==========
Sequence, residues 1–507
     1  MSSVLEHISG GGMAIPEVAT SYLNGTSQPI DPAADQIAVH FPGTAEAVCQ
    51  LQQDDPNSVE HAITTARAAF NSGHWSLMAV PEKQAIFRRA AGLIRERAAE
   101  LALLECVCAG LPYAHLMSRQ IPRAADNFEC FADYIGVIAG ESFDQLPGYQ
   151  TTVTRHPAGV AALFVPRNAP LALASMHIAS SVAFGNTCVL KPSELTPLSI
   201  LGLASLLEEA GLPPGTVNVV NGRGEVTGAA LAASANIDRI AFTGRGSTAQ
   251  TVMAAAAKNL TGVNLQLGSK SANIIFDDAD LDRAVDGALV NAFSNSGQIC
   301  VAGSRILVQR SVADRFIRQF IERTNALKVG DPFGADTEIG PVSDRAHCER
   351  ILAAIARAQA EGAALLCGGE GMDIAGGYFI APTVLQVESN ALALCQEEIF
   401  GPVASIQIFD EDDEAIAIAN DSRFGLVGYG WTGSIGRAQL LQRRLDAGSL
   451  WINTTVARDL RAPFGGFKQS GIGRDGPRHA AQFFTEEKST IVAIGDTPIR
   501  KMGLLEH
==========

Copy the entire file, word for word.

Sequence, residues 1–507
     1  MSSVLEHISG GGMAIPEVAT SYLNGTSQPI DPAADQIAVH FPGTAEAVCQ
    51  LQQDDPNSVE HAITTARAAF NSGHWSLMAV PEKQAIFRRA AGLIRERAAE
   101  LALLECVCAG LPYAHLMSRQ IPRAADNFEC FADYIGVIAG ESFDQLPGYQ
   151  TTVTRHPAGV AALFVPRNAP LALASMHIAS SVAFGNTCVL KPSELTPLSI
   201  LGLASLLEEA GLPPGTVNVV NGRGEVTGAA LAASANIDRI AFTGRGSTAQ
   251  TVMAAAAKNL TGVNLQLGSK SANIIFDDAD LDRAVDGALV NAFSNSGQIC
   301  VAGSRILVQR SVADRFIRQF IERTNALKVG DPFGADTEIG PVSDRAHCER
   351  ILAAIARAQA EGAALLCGGE GMDIAGGYFI APTVLQVESN ALALCQEEIF
   401  GPVASIQIFD EDDEAIAIAN DSRFGLVGYG WTGSIGRAQL LQRRLDAGSL
   451  WINTTVARDL RAPFGGFKQS GIGRDGPRHA AQFFTEEKST IVAIGDTPIR
   501  KMGLLEH